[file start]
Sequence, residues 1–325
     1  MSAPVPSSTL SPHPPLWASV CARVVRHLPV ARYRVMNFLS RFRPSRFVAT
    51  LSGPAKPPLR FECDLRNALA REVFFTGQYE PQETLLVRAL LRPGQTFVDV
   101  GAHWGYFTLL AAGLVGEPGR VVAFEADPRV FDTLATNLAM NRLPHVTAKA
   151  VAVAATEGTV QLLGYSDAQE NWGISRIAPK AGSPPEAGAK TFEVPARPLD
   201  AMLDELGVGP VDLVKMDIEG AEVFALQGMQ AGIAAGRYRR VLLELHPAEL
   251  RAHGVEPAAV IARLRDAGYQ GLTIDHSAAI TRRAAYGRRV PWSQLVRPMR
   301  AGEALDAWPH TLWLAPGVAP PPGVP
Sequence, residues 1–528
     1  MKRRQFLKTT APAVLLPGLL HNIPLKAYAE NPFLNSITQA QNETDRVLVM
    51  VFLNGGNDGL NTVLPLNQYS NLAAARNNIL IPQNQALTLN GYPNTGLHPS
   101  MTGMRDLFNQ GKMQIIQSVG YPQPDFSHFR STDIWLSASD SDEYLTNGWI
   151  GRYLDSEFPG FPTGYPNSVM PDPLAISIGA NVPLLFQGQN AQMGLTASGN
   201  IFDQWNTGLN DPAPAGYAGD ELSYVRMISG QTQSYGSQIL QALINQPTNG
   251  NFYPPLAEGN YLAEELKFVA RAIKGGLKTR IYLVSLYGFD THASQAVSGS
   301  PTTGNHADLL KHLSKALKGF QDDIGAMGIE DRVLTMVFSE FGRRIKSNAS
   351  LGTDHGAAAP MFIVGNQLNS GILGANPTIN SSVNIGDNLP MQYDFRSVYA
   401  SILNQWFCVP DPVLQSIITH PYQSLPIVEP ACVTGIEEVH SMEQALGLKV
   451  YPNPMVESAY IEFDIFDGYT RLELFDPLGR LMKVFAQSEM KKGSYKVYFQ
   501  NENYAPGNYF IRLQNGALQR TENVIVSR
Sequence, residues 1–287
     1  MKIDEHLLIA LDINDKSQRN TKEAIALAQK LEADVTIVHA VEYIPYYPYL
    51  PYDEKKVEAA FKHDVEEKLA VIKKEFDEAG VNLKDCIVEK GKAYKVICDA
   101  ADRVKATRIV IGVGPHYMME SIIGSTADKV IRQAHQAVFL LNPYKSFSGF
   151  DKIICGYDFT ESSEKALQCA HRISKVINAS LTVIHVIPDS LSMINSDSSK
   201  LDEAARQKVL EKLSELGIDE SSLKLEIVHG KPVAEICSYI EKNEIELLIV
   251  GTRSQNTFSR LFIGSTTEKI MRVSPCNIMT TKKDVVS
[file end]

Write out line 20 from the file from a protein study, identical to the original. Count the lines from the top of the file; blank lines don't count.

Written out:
   501  NENYAPGNYF IRLQNGALQR TENVIVSR